The dysfunctional innate immune response triggered by Toll-like receptor activation is restored by TLR7/TLR8 and TLR9 ligands in cutaneous lichen planus.Br J Dermatol. 2015 Jan; 172(1):48-55.BJ
Lichen planus (LP) is a chronic inflammatory mucocutaneous disease. Toll-like receptors (TLRs) bind numerous exogenous and endogenous antigens by recognizing conserved pathogen-associated molecular patterns (PAMPs) and have the ability to induce the production of proinflammatory cytokines. Therefore, alterations in innate immunity could explain the inflammation and T-cell autoreactivity leading to the development of LP disease.
To evaluate how the host innate immune response to PAMPs is affected by cutaneous LP, primarily by using TLR agonists to induce proinflammatory cytokine secretion from peripheral blood mononuclear cells (PBMCs).
PBMCs from patients with LP and healthy control (HC) individuals were stimulated with agonists of TLR2/TLR1 (pam3csk4), TLR3 [poly(I:C)-RIG], TLR4 (lipopolysaccharide), TLR5 (flagellin), TLR7 (imiquimod), TLR7/TLR8 (CL097) and TLR9 (CpG). Cytokines from culture supernatants (n = 10-12) and serum chemokines and cytokines (n = 22-24) were measured using flow cytometry.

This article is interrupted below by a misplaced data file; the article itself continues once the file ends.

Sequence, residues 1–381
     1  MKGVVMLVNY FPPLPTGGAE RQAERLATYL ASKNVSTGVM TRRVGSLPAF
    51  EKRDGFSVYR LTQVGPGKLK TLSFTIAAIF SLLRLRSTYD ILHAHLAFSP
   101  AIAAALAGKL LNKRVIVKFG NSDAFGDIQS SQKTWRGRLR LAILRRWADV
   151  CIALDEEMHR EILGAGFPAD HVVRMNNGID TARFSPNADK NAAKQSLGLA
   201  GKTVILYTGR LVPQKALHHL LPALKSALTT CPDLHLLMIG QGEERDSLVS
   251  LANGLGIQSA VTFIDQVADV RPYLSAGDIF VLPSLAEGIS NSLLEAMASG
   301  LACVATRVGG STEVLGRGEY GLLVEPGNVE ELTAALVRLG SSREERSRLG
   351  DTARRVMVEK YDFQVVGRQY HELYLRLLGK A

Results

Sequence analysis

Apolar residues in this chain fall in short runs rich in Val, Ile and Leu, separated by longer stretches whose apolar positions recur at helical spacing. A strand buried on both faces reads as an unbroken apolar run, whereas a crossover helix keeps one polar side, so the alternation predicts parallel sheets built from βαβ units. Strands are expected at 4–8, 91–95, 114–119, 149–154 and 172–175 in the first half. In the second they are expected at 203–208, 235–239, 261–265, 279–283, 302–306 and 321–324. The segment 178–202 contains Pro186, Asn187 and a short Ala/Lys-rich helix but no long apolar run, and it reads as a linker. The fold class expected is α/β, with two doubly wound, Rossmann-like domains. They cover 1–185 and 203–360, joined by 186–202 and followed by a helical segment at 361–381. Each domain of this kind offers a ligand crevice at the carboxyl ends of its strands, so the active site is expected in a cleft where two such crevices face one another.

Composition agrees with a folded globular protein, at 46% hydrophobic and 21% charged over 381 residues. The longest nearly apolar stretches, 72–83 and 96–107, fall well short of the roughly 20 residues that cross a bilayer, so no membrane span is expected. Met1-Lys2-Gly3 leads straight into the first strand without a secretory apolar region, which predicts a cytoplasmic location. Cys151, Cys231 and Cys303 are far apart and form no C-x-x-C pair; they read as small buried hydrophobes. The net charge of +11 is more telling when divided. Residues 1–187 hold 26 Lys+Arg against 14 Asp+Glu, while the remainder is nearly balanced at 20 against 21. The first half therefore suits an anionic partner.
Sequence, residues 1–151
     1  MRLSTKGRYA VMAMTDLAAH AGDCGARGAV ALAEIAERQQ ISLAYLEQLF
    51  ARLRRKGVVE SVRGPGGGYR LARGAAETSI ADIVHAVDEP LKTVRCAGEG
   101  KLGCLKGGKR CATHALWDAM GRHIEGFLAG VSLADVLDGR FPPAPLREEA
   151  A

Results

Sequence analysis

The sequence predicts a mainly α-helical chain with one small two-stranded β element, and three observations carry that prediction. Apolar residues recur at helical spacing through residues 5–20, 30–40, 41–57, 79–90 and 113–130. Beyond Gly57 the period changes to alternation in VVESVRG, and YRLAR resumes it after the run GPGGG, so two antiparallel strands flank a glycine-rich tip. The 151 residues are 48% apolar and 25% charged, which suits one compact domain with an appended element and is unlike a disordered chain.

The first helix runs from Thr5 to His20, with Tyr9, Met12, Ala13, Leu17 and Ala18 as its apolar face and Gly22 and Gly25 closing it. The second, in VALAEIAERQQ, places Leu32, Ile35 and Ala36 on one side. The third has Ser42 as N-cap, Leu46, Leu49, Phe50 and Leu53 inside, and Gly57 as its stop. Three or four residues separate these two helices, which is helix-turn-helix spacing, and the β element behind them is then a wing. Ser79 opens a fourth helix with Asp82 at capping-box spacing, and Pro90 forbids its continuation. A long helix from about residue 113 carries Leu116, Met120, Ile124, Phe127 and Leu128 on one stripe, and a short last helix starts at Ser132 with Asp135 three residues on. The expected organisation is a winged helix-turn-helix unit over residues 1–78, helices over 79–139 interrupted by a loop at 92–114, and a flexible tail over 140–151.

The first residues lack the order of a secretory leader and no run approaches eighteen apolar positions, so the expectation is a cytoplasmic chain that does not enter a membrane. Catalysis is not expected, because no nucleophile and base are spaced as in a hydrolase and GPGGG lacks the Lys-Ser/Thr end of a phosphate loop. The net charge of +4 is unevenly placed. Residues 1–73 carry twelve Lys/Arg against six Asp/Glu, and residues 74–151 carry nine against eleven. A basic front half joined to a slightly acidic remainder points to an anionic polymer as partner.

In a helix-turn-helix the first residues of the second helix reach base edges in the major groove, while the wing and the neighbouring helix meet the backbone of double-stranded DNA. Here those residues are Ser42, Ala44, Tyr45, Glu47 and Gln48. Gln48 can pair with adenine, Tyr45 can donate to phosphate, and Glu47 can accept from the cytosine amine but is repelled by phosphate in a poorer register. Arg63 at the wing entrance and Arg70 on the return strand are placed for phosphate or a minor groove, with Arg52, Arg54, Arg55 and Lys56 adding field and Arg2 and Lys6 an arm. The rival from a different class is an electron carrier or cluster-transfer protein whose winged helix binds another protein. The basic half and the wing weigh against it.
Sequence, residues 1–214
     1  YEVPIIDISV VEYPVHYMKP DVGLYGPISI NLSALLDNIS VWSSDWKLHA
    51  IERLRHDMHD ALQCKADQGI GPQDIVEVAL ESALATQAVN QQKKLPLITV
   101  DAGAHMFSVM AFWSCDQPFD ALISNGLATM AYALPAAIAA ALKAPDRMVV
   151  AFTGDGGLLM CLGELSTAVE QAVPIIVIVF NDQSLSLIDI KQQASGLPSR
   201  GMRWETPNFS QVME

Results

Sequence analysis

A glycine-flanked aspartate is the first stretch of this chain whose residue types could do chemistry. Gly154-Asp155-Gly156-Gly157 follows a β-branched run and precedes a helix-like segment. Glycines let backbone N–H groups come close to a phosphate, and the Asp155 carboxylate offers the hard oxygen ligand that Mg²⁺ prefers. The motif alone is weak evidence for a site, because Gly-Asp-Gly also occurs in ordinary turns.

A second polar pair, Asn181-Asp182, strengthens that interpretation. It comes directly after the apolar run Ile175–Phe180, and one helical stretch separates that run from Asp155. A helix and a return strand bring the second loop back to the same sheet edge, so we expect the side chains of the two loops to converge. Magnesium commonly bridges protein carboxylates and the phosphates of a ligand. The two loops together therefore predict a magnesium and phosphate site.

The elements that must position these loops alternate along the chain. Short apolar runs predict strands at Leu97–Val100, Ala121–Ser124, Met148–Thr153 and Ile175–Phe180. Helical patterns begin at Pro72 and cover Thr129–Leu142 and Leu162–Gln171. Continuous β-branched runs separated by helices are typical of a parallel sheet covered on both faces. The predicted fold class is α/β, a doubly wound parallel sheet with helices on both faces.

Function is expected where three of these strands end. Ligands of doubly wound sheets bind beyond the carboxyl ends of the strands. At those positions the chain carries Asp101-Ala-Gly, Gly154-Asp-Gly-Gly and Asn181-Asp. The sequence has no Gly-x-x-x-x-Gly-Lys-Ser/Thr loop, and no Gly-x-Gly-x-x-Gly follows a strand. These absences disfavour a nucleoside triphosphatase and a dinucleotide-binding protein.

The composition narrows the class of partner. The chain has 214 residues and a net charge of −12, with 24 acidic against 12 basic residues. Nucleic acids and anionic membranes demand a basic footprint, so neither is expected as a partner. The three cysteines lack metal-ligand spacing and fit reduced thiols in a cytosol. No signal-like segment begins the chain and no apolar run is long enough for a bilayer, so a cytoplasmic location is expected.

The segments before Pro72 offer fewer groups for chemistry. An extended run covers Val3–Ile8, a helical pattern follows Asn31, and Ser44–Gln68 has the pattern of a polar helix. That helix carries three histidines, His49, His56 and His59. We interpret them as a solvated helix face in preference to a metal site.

Activation through the TLR2, TLR4 and TLR5 pathways induced increased tumour necrosis factor (TNF)-α secretion by PBMCs from individuals with LP compared with the HC group. In contrast, activation through TLR3 and TLR7 was impaired in the LP group, leading to decreased TNF-α secretion. Moreover, intracellular TLR activation resulted in reduced interleukin (IL)-1β and IL-6 secretion. Notably, individuals with LP became responders on stimulation with TLR7/TLR8 and TLR9 agonists; responses were measured as increases in interferon (IFN)-α production. Detectable TNF-α and high CXCL9 and CXCL10 serum levels were observed in patients with LP, suggesting their potential use as markers of the inflammatory status in LP.
These findings point to a defect in the TLR signalling pathways in cutaneous LP. Agonists of TLR7/TLR8 or TLR9 overcame impaired IFN-α secretion in LP, strategically acting as adjuvants to improve the type I response.